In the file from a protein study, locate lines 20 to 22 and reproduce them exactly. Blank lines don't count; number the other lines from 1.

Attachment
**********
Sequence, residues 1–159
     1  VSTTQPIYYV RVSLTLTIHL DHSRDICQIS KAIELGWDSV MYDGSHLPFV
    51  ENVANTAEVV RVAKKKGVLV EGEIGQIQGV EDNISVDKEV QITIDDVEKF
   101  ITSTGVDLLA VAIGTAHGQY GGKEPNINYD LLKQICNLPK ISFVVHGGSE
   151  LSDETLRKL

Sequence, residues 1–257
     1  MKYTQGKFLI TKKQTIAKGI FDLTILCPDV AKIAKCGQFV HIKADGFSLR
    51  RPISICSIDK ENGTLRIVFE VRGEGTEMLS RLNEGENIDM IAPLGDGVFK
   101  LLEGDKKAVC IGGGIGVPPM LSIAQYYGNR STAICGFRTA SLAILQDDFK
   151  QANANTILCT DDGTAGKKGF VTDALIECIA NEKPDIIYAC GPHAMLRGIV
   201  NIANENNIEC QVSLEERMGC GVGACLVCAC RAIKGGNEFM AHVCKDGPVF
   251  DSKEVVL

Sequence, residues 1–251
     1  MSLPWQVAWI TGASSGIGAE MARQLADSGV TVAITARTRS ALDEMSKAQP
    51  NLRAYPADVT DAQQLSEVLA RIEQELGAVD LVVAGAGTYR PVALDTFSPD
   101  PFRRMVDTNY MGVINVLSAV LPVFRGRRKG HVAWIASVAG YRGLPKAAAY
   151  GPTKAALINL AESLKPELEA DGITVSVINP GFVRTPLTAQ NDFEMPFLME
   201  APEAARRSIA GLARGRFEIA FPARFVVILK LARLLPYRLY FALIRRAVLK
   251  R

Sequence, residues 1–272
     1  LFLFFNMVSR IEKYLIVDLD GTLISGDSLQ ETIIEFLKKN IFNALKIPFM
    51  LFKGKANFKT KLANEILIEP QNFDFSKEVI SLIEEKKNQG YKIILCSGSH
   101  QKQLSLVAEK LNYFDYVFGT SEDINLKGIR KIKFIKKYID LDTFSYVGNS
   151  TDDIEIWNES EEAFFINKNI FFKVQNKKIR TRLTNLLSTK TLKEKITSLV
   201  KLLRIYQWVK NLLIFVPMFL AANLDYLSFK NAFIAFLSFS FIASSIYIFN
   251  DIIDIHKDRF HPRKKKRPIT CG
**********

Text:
Sequence, residues 1–272
     1  LFLFFNMVSR IEKYLIVDLD GTLISGDSLQ ETIIEFLKKN IFNALKIPFM
    51  LFKGKANFKT KLANEILIEP QNFDFSKEVI SLIEEKKNQG YKIILCSGSH